On our street, we have a light green locust tree that turns yellow in the fall. Recently, the ground was blanketed with small flowers. Do all locust have the long curly pods? Were these “flowers” merely flowers or were they viable seed. Last year, I did see a few locust trees germinate before being cut by a mower.
Are these droppings viable or infertile?
Making More Plants, The Science, Art and Joy of Progagation, Ken Druse
The Botanical Garden, Volume 1 Trees and Shrubs, Roger Phillips & Martin Rix
University of Kentucky Department of Horticulture: http://www.uky.edu/hort/propagation-honeylocust
The droppings were the flowers of the locust, probably a variety of honey locust, gleditsia triacanthos, which are quite small. If the flowers were fertilized, before they dropped, they should form seed pods by fall. You should collect them after they turn dark and the pods becomes dry.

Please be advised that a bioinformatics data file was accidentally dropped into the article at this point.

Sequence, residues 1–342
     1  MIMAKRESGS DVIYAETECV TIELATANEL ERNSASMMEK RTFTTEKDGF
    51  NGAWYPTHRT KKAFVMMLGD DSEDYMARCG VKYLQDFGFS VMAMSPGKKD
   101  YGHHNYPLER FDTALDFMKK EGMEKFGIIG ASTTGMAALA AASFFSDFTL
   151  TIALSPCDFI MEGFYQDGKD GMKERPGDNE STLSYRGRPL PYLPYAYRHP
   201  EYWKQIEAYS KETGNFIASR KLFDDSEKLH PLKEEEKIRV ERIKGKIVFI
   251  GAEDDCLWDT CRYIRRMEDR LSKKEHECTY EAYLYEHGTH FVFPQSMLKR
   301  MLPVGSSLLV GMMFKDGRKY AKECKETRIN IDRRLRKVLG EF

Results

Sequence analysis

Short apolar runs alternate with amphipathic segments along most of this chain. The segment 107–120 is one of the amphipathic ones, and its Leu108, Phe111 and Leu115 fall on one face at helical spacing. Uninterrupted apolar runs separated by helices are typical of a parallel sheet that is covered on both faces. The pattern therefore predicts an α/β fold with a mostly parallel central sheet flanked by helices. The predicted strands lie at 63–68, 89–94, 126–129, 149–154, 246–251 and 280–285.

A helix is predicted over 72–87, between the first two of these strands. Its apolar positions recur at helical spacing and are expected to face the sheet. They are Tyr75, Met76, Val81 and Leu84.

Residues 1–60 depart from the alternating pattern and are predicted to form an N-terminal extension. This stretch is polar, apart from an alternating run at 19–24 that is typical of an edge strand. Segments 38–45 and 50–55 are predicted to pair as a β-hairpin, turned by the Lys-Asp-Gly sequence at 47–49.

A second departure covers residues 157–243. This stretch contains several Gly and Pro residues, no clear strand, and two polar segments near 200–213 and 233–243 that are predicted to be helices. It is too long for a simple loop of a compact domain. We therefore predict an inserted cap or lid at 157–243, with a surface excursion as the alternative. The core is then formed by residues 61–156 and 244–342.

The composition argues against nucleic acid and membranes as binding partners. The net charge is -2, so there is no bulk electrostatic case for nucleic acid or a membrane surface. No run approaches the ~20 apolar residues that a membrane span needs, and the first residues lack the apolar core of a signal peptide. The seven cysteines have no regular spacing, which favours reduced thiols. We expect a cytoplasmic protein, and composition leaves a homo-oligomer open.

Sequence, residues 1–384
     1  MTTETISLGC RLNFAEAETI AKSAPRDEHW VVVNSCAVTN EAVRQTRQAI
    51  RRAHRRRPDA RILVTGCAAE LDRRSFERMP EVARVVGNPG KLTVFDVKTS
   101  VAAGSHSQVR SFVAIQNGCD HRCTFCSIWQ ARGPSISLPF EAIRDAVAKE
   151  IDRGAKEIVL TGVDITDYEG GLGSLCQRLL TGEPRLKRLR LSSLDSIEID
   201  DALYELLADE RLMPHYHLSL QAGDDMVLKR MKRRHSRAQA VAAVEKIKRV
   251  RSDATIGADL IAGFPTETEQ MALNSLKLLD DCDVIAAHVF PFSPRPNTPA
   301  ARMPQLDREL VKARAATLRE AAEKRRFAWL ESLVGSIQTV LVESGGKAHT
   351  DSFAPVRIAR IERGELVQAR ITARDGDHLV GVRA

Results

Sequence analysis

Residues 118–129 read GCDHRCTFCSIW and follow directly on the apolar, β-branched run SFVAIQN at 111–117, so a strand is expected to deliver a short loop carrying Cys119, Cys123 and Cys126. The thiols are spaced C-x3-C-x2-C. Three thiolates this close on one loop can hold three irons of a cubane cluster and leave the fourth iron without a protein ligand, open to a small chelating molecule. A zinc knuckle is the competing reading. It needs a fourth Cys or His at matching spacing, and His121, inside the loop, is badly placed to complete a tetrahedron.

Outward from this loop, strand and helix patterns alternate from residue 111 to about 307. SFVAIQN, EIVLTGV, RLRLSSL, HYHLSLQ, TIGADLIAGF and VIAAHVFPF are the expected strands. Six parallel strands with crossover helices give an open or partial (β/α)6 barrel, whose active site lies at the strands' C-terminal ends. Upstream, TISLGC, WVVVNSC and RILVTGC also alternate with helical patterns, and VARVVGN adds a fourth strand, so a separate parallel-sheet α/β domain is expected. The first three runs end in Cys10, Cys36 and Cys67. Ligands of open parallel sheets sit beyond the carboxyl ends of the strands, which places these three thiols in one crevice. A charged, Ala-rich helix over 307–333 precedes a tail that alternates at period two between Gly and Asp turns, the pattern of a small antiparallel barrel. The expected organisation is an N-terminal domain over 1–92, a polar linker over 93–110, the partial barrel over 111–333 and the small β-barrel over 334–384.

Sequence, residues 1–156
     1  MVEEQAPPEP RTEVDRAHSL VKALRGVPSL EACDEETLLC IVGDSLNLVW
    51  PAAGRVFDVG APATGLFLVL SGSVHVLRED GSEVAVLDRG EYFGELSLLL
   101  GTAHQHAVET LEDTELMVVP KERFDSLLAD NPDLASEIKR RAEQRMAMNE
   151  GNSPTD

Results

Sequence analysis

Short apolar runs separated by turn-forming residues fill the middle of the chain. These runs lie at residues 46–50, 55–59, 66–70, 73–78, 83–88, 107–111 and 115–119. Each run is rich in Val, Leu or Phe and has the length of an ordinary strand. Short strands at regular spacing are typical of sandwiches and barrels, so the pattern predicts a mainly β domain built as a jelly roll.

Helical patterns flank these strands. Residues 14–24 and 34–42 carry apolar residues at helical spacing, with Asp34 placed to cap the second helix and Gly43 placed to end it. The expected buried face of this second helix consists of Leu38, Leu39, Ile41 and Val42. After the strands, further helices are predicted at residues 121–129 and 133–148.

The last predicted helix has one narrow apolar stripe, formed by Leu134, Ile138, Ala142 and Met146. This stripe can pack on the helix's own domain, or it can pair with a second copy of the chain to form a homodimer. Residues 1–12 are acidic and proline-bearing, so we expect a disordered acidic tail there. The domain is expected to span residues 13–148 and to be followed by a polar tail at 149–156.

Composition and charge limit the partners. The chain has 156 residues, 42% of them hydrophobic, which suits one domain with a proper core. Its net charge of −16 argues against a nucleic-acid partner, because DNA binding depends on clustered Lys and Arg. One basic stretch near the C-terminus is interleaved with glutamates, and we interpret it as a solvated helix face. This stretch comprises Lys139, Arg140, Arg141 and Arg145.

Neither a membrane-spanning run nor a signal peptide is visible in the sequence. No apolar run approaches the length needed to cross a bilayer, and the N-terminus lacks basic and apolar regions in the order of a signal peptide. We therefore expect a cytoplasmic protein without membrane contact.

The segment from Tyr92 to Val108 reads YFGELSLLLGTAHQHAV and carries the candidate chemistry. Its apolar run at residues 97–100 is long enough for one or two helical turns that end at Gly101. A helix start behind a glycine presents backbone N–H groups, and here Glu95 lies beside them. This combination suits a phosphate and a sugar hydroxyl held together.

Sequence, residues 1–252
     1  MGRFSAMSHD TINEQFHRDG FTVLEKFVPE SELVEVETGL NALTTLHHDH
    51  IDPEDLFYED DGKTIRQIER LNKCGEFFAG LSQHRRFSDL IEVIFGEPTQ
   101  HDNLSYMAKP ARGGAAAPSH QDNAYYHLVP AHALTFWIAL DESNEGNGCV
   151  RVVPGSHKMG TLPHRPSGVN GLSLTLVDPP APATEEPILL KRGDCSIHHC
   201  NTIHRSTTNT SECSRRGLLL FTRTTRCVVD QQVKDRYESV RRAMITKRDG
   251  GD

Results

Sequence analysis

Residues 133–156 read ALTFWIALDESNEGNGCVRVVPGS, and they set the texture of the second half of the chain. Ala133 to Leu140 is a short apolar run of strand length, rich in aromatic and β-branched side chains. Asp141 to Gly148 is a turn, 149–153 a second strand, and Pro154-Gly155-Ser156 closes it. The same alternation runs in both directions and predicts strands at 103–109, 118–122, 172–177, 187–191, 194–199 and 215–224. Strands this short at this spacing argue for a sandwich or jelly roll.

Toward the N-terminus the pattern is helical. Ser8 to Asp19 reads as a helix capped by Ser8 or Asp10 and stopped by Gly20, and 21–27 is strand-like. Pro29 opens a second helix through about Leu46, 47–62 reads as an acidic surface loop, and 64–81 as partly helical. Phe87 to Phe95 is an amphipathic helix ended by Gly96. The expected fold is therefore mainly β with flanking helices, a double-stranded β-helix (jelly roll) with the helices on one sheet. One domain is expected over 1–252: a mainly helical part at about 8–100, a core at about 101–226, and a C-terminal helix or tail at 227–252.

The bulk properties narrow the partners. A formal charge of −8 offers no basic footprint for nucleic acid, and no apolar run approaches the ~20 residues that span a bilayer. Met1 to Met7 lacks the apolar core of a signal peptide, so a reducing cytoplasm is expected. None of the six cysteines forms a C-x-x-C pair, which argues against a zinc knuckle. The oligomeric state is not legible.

Honey locusts are quite easy to grow from seed provided you take steps to promote the shell of the seed to open, as the seeds in the pods have hard coats. First you should peel away the outer pod from seed (similar to shelling peas, which is not surpising as this tree is a member of the same family – Leguminosae). There are a number of ways to try and get the seed to germinate. You can plant them outside in the fall, where they will experience the winter’s freezing and thawing cycle which should allow the seed shell to open. Or you can scarify the seeds, by dragging then across fine sand paper or nicking with a razor, before planting. This step breaches the seed coats, allowing water to enter and germination to take. Another alternative is to soak the seed in very very hot water (the water is very hot at the beginning of the process; it does not need to be kept hot), for a day and two before planting.